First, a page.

The Trek to Check the Water Pipeline Route for west Ban-Xai

The Trek to Check the Water Pipeline Route for west Ban-Xai

There is no reticulated water for West Ban Xai so a source about 4 km away was chosen to be the potential supply point. On two former occasions that Sandy and Yang had been to the source, they were assured that there was a pathway along the edge of the waterway all the way to Ban-Xai town. We needed to find the approximate length of the pipeline. To do this walking the route of the pipeline is one way however it is potentially dangerous because of the possibility of mines washed down from a defensive position to the West. We could however, walk on the pathway which the villagers used. Furthermore, the villagers (we were told) often walked this route and to support this there was evidence of logging in the area.

On Wed 7 Nov the Naiban #3 and the old Naiban together with Yang, Michael and Sandy, attempted to find the distance for the pipeline from the source at the Western end. What we thought was a good idea was to use two GPS so that we could confirm not only the distance and the route, but the elevation differences.

Starting from the end point, that is the point that the water will end up in a tank, we (the Naibans, Yang, Michael and Sandy) began to walk as close as possible to the route of the waterline. The waterline runs along another creek bed downstream going east. It was impossible for any measurements to be taken unless one actually walked the waterline itself going east. At some point the waterline would be joined from one that went north to the source (it was at this intersection point that the party had to start walking along the waterline because there was no other way to go). At this point we were taking too many risks.

On the travel northward we kept asking “Where is the pathway that the villagers walk along?” and we received the answer “A bit more. A bit more. A bit more”. This was very frustrating because “a bit more” never happened. In fact, the pathway that the villagers walked was along the waterline. This pathway was a nightmare because it was not a pathway. Sometimes we were walking along 70 degree slopes in thick bush and sometimes we were walking in the water along the creek. So far there was no pathway except the one that the Naibans cut along the way. Then the creek opened out and became a rice paddy. The rice paddy was a new one and the rice had been harvested.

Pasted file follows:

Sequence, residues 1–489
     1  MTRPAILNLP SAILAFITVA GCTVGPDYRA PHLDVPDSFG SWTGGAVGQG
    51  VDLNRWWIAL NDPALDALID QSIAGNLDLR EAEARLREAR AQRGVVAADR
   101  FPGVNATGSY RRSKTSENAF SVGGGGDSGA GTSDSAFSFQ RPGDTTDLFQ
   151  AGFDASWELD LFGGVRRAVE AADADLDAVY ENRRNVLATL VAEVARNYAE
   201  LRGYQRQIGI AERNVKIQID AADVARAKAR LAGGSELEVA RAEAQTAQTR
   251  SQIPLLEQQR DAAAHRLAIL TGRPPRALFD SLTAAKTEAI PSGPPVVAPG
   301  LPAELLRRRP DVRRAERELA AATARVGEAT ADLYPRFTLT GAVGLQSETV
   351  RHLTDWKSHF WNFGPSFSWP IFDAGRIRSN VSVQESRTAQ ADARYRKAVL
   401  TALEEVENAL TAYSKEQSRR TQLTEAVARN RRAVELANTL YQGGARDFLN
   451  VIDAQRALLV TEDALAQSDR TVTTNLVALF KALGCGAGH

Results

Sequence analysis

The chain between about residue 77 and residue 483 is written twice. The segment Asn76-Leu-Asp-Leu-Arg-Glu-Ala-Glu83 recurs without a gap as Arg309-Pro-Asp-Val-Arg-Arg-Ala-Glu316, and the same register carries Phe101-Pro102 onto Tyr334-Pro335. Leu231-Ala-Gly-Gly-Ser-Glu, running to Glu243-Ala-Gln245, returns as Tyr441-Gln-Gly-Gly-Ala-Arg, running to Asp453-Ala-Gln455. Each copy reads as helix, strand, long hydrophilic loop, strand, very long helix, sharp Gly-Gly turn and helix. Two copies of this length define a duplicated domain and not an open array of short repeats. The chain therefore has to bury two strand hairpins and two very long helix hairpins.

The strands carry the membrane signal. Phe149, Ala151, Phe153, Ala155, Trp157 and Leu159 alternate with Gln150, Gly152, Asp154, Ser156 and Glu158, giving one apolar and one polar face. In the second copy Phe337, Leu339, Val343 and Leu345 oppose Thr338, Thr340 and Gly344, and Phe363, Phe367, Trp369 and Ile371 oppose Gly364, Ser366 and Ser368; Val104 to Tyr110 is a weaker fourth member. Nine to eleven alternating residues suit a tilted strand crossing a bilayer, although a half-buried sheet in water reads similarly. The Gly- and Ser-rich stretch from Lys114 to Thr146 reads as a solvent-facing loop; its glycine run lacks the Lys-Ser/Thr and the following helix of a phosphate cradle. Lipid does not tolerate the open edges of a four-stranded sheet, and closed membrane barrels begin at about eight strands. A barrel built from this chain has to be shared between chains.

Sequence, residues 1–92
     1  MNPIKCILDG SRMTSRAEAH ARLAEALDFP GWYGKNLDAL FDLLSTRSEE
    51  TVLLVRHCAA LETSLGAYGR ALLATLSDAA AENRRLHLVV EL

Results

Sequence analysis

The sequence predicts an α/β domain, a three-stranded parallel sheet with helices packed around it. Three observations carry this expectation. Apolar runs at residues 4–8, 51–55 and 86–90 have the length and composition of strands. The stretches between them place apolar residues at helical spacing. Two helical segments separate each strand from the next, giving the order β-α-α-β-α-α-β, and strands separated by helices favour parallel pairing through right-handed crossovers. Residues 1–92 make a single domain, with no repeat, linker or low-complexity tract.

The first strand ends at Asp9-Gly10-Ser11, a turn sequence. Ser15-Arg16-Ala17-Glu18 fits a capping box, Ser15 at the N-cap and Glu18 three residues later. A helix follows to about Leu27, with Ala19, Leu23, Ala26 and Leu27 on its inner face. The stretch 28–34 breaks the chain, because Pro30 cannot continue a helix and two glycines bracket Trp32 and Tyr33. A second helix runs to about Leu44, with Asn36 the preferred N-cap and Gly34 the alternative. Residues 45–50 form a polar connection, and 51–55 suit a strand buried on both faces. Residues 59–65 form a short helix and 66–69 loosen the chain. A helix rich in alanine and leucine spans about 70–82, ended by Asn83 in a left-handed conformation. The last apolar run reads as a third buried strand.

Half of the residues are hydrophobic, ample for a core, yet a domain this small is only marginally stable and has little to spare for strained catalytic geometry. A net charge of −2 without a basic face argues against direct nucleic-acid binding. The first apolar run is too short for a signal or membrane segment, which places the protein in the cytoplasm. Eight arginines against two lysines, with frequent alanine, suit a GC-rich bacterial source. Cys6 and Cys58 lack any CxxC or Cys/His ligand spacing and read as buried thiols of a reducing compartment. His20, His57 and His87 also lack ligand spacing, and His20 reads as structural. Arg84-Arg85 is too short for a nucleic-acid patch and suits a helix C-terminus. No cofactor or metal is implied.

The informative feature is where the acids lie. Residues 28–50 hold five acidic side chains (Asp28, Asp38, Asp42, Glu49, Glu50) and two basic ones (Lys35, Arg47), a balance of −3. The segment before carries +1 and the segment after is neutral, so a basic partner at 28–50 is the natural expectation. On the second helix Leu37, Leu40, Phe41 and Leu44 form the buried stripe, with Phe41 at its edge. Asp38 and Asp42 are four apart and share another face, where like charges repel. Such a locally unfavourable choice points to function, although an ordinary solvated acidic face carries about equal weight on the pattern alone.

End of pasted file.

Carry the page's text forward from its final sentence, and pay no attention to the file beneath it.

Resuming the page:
There was relief along the way – “Bush Tucker”, sweet little berries and some nuts, and – wait for it – a green snake in the tree, which is deadly, and it was killed.

This was bad enough, but at the end of this particular rice paddy, there was an abandoned rice paddy which went for about 150 metres. This abandoned rice paddy was very challenging. When we walked along the bunds, they were less than 30 centimetres wide, we would slip off them and then go up to our thigh in water and mud. It was impossible to wear anything on your feet but boots. Sandy had a pair of sandals on because he expected to be walking along the ‘pathway’ which the villagers walked. Remember Sandy is close to 100kgs and the villagers are only 50kgs. Many times he slipped, fell over, lost his shoes and walked for at least 150 metres in bare feet.

It was a relief to get to the end of the abandoned rice field. “Where’s the pathway?” was the cry…”A little bit more. A little bit more” was the answer. We mainly walked up the creek bed through the water itself, because that was the easiest way to go. More risks? Eventually, we came to the pathway, about 500 metres short of the source point.

We had taken 5 hours to go 5.5 km. What a Trek and it could be that we are not going to use this source after all. It doesn’t have the elevation required for the water tank at the Western end of ban Xai. Now alternatives are being considered.